In a study led by Denise Pope, senior lecturer at the Stanford Graduate School of Education, researchers found that excessive homework proved detrimental to student well-being and engagement. The study cited previous research suggesting that after two hours, the benefits of homework diminish.
In surveying students' perceptions about homework, researchers found that too much of it was associated with greater stress, reductions in health (increase in headaches, sleep deprivation, weight loss and stomach problems), as well as less time for important social interactions and extracurricular activities.
Though researchers acknowledged the limitations of a study that relies on self-reporting, they said it was important to understand how students feel about homework.
"Young people are spending more time alone," the study's authors wrote, "which means less time for family and fewer opportunities to engage in their communities."
Many students, the study said, reported having to choose between doing homework and developing other skills.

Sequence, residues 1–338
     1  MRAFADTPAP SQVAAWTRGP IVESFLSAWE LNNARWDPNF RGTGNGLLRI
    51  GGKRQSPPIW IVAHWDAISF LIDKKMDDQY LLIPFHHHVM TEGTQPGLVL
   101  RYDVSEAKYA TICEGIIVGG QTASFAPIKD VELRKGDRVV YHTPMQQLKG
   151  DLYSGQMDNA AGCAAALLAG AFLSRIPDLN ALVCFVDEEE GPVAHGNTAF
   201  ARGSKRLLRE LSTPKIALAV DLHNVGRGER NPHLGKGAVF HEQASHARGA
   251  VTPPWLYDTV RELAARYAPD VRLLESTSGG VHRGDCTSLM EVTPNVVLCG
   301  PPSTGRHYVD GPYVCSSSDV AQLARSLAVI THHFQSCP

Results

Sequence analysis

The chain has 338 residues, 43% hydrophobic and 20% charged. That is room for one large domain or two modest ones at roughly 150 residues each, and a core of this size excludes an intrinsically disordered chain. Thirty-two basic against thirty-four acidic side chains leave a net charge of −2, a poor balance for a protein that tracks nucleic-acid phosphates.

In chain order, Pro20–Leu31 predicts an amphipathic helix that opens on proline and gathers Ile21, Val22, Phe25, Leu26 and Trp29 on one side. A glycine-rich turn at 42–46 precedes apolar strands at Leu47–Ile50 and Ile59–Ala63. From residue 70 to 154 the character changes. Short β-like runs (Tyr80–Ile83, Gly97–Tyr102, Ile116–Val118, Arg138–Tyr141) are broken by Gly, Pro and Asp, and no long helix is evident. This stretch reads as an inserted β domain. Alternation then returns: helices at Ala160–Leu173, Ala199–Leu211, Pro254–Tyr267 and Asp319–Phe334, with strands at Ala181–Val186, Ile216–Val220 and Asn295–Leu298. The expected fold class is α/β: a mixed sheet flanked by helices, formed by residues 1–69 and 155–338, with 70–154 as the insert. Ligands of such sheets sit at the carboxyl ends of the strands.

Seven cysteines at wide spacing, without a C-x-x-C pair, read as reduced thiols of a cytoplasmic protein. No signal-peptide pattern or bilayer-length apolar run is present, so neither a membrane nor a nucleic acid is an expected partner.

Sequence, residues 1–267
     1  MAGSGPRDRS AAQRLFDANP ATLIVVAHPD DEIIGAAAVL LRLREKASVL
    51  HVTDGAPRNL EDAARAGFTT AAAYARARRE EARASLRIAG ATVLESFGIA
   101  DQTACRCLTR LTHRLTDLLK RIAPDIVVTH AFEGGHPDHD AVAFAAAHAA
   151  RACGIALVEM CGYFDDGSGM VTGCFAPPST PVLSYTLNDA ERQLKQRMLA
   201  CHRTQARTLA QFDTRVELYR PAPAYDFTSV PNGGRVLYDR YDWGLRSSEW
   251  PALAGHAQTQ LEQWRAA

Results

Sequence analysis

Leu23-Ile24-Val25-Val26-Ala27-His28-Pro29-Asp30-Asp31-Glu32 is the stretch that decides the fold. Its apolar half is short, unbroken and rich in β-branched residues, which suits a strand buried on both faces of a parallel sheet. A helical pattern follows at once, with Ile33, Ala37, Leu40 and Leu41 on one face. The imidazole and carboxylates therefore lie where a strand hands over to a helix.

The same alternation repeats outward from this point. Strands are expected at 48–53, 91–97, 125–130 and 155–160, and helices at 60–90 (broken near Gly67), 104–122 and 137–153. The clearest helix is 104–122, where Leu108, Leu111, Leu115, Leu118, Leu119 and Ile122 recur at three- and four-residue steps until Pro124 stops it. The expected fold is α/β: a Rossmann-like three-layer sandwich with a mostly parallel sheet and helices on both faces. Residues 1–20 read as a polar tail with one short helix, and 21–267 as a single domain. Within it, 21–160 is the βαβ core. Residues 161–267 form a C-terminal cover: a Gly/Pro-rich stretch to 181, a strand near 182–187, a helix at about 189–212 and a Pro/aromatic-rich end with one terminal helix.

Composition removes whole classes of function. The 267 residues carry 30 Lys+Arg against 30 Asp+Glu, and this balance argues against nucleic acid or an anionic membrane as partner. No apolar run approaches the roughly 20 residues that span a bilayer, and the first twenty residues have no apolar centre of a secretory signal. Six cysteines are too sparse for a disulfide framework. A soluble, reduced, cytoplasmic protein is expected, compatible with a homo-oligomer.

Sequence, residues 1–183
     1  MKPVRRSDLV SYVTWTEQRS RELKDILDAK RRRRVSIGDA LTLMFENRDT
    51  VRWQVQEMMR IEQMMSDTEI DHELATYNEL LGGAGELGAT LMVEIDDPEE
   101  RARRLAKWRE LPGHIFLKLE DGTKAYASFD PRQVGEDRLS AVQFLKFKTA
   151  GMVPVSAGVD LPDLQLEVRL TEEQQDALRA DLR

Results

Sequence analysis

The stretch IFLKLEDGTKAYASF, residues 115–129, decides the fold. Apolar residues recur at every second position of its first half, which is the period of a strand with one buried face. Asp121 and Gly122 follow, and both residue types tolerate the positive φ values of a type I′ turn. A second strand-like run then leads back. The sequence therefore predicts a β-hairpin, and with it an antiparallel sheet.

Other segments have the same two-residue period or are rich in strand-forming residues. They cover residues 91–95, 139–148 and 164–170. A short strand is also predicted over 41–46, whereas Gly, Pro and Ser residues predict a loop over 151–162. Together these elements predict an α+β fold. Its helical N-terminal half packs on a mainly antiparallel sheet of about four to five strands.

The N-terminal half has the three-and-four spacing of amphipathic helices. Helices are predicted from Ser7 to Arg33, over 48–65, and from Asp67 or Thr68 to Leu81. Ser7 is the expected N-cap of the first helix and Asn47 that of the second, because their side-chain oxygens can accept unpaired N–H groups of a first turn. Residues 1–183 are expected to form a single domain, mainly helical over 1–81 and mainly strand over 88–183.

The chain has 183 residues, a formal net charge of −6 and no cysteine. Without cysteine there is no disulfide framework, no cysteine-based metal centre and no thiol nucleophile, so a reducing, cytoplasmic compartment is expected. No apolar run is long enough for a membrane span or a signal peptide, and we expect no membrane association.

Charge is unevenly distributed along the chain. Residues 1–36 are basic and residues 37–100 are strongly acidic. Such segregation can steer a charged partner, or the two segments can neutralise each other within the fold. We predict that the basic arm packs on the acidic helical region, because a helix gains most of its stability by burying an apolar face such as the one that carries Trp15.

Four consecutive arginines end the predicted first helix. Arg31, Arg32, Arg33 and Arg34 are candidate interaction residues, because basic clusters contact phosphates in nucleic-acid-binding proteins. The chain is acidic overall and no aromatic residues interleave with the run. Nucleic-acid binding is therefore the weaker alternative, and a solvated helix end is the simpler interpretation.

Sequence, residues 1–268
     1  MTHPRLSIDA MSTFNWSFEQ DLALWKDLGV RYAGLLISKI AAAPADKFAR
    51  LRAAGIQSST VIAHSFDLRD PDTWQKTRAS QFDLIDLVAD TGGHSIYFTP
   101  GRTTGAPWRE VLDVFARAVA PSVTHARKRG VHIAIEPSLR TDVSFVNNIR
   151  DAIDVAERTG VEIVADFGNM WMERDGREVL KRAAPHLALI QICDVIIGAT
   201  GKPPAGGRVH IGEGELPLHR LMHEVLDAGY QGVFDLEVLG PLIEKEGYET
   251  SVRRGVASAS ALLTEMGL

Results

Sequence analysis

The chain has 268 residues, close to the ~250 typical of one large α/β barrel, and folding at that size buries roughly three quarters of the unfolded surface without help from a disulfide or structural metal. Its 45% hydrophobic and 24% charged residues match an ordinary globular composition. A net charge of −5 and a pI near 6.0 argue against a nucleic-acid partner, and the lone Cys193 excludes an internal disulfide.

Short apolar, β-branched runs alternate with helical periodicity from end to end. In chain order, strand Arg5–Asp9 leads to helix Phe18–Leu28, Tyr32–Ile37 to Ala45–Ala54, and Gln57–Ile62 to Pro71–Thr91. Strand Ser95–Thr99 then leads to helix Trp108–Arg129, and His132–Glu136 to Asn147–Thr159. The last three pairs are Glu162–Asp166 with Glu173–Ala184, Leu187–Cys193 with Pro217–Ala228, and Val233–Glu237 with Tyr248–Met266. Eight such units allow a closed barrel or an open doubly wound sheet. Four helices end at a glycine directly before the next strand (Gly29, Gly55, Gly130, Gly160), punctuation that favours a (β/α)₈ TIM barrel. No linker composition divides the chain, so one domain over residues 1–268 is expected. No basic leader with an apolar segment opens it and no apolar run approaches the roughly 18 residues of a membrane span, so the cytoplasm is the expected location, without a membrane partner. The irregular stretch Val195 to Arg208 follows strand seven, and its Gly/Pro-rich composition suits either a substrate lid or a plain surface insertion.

The study focused on high-performing schools in well-to-do communities -- places where average household incomes are north of $90,000 annually, and where the vast majority of students go on to college. Students at these hyper-competitive high schools did an average of 3.1 hours of homework per night.
"The findings address how current homework practices in privileged, high-performing schools sustain students' advantage in competitive climates yet hinder learning, full engagement and well-being," Pope wrote.
Pope was helped by Mollie Galloway from Lewis and Clark College and Jerusha Conner from Villanova University in compiling the research paper. It was published this week in the Journal of Experimental Education.